The usage of kinesiology tape has taken off over the last 10 years or so. Pro athletes can often be seen on television with bright colored tape across their bodies, supposedly helping them to continue to perform at a high level, even when injured or having aches and pains.
However, the reported benefits of the tape for athletic performance and injury recovery, as well as increased blood flow, are not based on a large body of scientific evidence.
Many people first saw the tape and heard about its alleged benefits around the time of the 2012 London Olympics. The athletes who wore it were likely under the impression that it would improve their pain and performance, however it was given little critical appraisal to assess whether it was, in fact, effective for athletic performance as well as injury prevention and recovery.
Conversely, over the last couple of years, kinesiology tape is not seen as often as when it was at its highest popularity a few years ago. This may be because the initial hype has now gone, but may also be due to the fact that more and more research has challenged its supposed benefits. Another example of a performance aid used in the past was the intra-nasal breathing strip, which was said to help athletes breathe better - however, more or less nobody wears these anymore, as the initial buzz has gone and the science has near but all found that it doesn’t have a meaningful effect.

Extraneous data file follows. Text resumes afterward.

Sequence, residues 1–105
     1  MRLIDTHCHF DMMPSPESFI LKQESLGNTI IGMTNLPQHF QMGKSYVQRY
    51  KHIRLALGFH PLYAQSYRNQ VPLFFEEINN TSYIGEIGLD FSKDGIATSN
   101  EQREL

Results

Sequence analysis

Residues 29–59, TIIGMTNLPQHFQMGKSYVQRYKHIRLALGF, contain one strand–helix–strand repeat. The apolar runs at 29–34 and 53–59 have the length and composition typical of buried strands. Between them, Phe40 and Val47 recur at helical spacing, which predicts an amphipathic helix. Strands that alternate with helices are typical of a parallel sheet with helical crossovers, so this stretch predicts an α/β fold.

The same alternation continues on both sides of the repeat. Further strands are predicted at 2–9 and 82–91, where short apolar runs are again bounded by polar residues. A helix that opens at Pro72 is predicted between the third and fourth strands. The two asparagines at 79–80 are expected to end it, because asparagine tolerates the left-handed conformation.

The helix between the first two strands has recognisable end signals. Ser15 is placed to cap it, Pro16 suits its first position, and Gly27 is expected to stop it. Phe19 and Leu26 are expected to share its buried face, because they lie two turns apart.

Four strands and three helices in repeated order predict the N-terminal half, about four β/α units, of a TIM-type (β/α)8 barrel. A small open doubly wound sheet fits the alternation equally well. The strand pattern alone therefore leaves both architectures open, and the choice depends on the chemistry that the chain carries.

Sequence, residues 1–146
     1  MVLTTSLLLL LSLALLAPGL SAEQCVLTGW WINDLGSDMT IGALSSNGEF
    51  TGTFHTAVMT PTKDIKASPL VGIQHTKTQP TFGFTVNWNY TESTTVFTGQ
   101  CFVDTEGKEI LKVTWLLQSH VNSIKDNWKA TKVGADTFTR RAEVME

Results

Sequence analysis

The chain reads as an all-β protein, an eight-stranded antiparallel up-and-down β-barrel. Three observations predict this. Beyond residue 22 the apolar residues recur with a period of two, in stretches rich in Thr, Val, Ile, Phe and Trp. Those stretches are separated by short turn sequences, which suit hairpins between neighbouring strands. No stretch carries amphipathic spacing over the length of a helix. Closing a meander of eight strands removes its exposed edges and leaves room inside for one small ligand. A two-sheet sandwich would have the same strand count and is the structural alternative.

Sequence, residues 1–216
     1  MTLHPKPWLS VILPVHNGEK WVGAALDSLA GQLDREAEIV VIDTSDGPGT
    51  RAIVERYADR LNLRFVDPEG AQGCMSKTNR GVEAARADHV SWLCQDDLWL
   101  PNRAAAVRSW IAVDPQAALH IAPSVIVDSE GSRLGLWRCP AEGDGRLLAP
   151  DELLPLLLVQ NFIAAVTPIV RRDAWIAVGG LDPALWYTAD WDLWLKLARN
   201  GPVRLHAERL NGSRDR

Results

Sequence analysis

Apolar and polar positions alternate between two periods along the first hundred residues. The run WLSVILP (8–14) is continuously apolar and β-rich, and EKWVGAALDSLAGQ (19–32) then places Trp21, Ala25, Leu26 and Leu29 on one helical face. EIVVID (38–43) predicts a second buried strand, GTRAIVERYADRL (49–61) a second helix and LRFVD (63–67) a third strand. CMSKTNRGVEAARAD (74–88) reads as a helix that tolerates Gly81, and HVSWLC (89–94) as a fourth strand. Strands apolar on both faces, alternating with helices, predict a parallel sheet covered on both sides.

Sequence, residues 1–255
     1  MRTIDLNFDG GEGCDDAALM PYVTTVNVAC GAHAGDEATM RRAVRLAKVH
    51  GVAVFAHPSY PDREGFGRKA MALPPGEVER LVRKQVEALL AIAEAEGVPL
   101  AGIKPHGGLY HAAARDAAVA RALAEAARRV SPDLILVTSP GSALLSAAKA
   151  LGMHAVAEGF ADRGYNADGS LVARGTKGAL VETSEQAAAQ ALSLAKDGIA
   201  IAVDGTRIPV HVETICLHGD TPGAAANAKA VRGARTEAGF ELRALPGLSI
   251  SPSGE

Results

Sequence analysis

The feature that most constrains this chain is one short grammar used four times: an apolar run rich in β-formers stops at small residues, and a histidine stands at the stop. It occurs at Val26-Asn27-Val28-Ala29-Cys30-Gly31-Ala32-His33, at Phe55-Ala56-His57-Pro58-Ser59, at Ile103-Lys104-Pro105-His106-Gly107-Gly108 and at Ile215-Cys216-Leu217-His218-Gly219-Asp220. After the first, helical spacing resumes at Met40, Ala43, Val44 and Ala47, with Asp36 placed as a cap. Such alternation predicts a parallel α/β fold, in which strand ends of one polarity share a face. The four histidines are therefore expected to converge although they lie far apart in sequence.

The fact is, there is not one miracle cure to fix muscle and joint pain or injuries instantaneously. Rather, recovery is often the sum of many different things that work together to bring overall relief and improvement. In the case of athletes, they may notice a benefit from using kinesiology tape but the cause of the improvement is perhaps not as specific as they think. It may also be due to the fact that their overall treatment and training is helping them to improve or that there is a natural regression of the injury as the body heals and pain sensitivity decreases.
While there is no clear evidence to suggest that kinesiology tape alone will relieve back pain, there is no harm in trying it as one part of an overall pain relief regime. Clinical guidelines for the treatment of muscle and joint pain recommend staying active, doing specific exercises for your pain area, getting enough sleep and learning about pain and recovery. Read more on this in our blog post about the fundamentals of recovery.
- Poon (2015); Kinesiology tape does not facilitate muscle performance: A deceptive controlled trial.
- Cheung (2016); Kinesiology tape does not promote vertical jumping performance: A deceptive crossover trial.
- Luz Junior (2019); Effectiveness of kinesio taping in patients with chronic nonspecific low back pain: A systematic review with meta-analysis.